Sunday Video: The Fight For America’s 51st State

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The fight to make Washington, D.C. a state has been a long one. But the idea has been consistently brushed aside. Why do people in the district want statehood and what would it take to make it happen?

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Stephen is an urban planner with a passion for promoting sustainable, livable, and diverse cities. He advocates for smart policies, regulations, and implementation programs that enhance urban environments by committing to quality design, accommodating growth, providing a diversity of housing choices, and adequately providing public services. Stephen primarily writes about land use and transportation issues.

2 COMMENTS

  1. The District of Columbia has more population than the states of Vermont and Wyoming. It has nearly the population as Alaska and North Dakota. Its residents deserve the same number of representatives and Senators.

    But, the issue is more than this. The Senators in Wyoming only represent ~285,000 residents, but in California their Senators represent a whopping ~19,750,000, or more than 68 times. The end result is that smaller states have incredible clout and control in the Senate, which happens to approve judicial and presidential appointments, power far beyond what the Founding Fathers had intended.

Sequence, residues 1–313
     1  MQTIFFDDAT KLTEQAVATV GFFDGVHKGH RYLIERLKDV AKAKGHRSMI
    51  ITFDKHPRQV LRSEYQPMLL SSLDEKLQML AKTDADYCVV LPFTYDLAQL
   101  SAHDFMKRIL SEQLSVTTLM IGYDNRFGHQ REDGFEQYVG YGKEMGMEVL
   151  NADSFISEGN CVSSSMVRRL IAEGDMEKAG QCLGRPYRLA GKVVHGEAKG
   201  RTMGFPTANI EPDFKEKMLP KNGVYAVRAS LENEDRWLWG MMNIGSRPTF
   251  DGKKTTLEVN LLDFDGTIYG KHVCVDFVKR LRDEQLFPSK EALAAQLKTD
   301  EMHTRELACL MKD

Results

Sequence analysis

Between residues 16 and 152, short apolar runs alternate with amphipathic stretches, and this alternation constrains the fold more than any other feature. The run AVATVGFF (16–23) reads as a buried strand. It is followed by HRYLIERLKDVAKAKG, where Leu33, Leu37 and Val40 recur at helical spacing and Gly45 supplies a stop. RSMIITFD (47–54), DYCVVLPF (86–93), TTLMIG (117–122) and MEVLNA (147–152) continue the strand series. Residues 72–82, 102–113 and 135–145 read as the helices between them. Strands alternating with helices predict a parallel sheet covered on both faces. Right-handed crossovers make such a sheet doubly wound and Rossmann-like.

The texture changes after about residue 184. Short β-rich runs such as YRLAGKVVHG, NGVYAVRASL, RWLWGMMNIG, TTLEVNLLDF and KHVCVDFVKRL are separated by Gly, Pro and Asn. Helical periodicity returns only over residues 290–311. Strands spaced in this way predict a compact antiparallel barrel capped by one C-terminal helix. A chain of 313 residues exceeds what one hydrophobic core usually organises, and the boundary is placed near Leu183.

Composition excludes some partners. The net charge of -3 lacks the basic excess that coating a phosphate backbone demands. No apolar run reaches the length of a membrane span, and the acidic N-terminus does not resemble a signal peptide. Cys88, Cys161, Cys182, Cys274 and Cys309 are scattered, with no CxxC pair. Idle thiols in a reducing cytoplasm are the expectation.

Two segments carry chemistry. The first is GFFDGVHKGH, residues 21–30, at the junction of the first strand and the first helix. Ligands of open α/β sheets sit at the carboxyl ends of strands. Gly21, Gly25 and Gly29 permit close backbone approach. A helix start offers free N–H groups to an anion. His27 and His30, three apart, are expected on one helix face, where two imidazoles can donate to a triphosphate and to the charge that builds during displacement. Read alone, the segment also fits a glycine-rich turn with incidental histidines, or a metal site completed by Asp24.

In order to lessen this lopsided disproportion, I’ve proposed this change: for each multiple of the average state population, that state gets 2 additional U.S. Senators. Presently, that average is ~6.4 million. California has over 33 million more than that average. Divide the two amounts, make it an integer, and California would get 10 more U.S. Senators. Texas, with 22+ million more than the average, would get 6 more U.S. Senators. Florida and New York would get 4 more. An alternative would be to add a Senator for each half of the average state’s population, which would result in another Senator for Pennsylvania, Illinois, Ohio, Georgia, North Carolina, and Michigan. Either way would be fine by me. Neither option changes the Senate to the House. Neither option eliminates the tenet of smaller states having more clout than they do in the House, for the minimum of 2 Senators would be retained. And, the people in the larger states would have better constituent service: California’s 12 Senators would each represent ~3.3 million citizens, or about 1/6th of what they do today.

  2. Adding another sovereign state to an already balkanized metro area is a terrible idea from an urbanist perspective. There are much better ways to provide fair representation that don’t create arbitrary lines between government services or encourage provincial decision making. Creating a state out of <15% of a metro's population is a recipe for disastrous urban planning.

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